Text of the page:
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Bosnia and Herzegovina A country in search of an identity
It was only the intervention of the UN and NATO that put an end to hostilities. In November 1995, the warring factions agreed to accept the Dayton Peace Agreement, which was drawn up with the help of the European Union and the US. The Peace Agreement also laid down the constitution for the country.
Since that time, Bosnia and Herzegovina has consisted of two autonomous parts, or entities: the Federation of Bosnia and Herzegovina (FBiH) and the Republika Srpska (RS). The border region around the town of Brčko was accorded special status as a separate district. The parts of the country share a common central government, but it has only very limited powers.
Since the summer of 2021, the leader of the Bosnian Serbs, Milorad Dodik, has been increasingly pushing for withdrawal from state institutions and thus for the secession of the Republika Srpska.
Germany’s relations with Bosnia and Herzegovina
Germany and Bosnia and Herzegovina have a long history of close political, economic and cultural ties. Germany is one of the largest bilateral donors to Bosnia and Herzegovina and one of the most important foreign policy partners and supporters of the Balkan country within the European Union. Its close cooperation with Germany has helped Bosnia and Herzegovina to promote the country’s economic and social reform processes and advance EU rapprochement. On 1 June 2015, the Stabilisation and Association Agreement with the EU entered into force. On 15 February 2016, Bosnia and Herzegovina officially applied for accession to the EU.
Bosnia and Herzegovina is a transformation partner of German development cooperation. Through this form of partnership the Federal Republic of Germany channels special support for political and economic transformation in the EU neighbourhood.
Germany’s development cooperation activities in Bosnia and Herzegovina focus on sustainable economic development and on the promotion of renewables and energy efficiency.
As a consequence of current developments and divisive actions by the Bosnian Serb leadership, the BMZ is suspending the preparation of four infrastructure measures worth 105 million euros in the Republic of Srpska until all secessionist efforts are rescinded.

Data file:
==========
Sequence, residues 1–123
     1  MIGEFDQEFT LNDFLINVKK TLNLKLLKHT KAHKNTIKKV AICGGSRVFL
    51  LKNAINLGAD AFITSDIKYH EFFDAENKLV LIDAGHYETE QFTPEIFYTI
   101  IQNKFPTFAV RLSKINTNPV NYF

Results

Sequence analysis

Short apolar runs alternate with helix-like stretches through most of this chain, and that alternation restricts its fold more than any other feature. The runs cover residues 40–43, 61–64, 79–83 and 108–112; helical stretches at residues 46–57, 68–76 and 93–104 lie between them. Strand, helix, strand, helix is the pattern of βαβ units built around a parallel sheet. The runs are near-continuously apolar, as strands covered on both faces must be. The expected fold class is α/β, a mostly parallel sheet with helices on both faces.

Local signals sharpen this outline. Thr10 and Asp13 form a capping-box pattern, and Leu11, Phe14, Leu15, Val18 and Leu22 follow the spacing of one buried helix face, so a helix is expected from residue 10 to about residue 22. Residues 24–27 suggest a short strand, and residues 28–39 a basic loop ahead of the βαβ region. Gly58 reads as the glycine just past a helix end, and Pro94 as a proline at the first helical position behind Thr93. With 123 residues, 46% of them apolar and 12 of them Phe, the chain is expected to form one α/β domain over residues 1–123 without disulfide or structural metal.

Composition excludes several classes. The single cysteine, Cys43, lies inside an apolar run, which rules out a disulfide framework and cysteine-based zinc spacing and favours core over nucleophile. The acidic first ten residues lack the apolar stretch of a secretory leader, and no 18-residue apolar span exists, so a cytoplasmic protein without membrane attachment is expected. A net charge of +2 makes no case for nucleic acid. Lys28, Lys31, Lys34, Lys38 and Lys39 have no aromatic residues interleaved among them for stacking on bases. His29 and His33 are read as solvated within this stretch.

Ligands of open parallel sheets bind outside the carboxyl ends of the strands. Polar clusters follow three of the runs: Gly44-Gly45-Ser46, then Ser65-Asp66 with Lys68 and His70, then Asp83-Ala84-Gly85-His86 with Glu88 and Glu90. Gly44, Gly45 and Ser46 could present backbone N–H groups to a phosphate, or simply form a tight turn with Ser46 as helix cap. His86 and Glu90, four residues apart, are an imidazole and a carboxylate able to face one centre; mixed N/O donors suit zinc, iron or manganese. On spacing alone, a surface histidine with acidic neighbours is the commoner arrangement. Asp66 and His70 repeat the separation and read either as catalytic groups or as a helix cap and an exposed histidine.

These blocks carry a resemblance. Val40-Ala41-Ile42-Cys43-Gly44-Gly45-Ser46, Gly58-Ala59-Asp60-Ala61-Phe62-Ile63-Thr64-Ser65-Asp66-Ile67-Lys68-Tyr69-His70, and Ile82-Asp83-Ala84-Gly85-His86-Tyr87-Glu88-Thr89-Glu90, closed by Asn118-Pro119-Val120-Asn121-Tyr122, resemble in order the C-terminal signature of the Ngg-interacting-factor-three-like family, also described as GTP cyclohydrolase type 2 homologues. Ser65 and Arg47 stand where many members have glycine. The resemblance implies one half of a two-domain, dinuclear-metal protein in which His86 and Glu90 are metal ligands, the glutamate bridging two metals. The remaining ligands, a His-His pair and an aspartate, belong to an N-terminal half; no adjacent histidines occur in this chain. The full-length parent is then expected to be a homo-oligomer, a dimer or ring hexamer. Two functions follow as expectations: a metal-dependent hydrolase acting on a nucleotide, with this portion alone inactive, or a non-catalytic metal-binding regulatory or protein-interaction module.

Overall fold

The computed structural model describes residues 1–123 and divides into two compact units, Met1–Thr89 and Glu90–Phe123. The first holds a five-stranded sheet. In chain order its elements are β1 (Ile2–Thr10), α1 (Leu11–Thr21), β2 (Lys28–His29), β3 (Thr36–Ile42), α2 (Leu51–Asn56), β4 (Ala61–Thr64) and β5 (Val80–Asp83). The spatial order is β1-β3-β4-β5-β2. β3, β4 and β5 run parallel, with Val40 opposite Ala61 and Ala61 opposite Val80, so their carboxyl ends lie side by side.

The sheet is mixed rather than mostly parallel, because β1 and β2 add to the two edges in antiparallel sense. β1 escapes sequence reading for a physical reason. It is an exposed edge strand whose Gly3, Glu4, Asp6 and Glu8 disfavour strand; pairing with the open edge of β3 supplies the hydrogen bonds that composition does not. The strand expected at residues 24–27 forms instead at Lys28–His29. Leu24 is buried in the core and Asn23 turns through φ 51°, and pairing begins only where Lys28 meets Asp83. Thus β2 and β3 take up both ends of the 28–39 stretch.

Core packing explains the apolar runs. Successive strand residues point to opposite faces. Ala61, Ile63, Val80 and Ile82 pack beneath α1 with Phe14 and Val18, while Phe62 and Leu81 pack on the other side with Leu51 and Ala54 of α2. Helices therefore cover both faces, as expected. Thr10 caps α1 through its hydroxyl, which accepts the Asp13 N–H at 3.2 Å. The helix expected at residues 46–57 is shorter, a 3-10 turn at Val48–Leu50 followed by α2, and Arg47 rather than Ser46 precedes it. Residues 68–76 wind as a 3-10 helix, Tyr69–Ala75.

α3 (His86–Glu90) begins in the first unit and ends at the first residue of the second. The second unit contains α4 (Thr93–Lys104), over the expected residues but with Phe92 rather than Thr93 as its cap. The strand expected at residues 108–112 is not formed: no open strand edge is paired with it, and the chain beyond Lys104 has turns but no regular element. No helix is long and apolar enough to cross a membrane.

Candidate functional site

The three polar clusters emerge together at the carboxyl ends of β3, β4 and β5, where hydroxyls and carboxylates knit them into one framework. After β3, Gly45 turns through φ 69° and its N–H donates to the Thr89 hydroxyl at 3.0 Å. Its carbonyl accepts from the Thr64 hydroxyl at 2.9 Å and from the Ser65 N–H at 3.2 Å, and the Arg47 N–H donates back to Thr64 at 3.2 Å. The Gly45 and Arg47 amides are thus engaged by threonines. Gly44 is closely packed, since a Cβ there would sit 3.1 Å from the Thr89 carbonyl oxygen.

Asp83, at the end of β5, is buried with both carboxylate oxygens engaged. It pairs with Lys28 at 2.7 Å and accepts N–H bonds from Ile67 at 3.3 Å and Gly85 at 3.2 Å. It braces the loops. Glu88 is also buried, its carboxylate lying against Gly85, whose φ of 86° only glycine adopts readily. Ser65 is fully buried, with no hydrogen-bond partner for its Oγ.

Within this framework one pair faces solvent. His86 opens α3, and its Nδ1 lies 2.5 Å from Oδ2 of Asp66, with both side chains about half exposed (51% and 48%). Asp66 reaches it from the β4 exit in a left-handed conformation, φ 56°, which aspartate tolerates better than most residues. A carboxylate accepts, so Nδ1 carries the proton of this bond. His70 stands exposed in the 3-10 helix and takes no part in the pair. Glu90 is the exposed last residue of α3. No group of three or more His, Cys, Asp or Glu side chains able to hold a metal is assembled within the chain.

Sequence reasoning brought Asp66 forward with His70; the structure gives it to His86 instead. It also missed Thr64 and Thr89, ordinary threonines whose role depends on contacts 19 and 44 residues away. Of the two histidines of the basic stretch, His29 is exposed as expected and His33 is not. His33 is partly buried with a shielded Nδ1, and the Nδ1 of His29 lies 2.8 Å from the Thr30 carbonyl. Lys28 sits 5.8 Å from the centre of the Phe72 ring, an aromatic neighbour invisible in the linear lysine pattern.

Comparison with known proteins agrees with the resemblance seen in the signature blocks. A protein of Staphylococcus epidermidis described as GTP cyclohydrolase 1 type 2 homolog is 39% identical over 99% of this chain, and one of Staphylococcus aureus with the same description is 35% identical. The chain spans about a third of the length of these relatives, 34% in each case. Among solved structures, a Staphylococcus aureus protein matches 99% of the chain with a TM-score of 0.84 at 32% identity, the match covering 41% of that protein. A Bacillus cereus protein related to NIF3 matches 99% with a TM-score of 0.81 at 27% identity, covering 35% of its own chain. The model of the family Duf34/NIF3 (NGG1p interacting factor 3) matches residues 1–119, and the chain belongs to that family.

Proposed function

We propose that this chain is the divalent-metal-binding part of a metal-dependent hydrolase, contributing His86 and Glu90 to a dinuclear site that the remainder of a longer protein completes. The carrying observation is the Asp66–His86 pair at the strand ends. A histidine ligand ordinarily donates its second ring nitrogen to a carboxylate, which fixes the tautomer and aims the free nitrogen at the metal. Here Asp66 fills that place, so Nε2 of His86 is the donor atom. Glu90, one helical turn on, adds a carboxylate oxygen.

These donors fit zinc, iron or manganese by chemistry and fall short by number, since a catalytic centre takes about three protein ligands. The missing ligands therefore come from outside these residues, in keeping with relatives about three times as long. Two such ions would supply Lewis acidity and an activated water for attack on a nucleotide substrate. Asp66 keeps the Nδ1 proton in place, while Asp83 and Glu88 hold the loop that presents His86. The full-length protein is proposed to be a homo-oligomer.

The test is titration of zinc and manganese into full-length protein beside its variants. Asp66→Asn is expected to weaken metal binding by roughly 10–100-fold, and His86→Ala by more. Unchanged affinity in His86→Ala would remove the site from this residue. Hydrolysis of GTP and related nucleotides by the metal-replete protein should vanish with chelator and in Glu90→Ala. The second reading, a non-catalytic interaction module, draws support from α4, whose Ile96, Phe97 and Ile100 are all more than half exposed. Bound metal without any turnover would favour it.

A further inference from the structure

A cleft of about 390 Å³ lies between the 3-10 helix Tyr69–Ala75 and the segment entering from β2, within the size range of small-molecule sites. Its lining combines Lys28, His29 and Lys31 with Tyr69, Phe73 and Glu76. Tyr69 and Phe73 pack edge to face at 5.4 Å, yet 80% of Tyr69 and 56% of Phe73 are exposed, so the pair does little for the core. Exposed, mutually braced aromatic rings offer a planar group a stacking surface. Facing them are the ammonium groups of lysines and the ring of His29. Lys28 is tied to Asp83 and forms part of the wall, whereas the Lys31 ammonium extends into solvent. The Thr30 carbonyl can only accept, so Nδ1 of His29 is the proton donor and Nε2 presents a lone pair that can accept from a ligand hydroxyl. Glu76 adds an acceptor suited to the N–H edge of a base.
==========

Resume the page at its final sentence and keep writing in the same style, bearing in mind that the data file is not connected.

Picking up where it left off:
German development cooperation with Bosnia and Herzegovina
The government negotiations had originally been planned for November 2018 and had to be cancelled due to elections in the country and the formation of a new government, which took until the end of 2019. Later they had to be postponed again as a result of the COVID-19 crisis.
In 2021, unscheduled working talks were held to prepare for the intergovernmental negotiations with pledges of 49.5 million euros for, among other things, support in dealing with the Corona crisis and adaptation to climate change. From 2022 onwards, intergovernmental negotiations will then take place in the scheduled two-year cycle.
In its development cooperation activities with Bosnia and Herzegovina, Germany focuses on energy and sustainable economic development.
In April 2022, as a consequence of current developments and divisive actions by the Bosnian Serb leadership, development minister Svenja Schulze announced the suspension of the preparation of four infrastructure measures amounting to 105 million euros in the Republic of Srpska until all secessionist aspirations are withdrawn.
According to the new list of areas of German development cooperation, these priorities fall under the following core areas:
- Responsibility for our planet – climate and energy
- Training and sustainable growth for decent jobs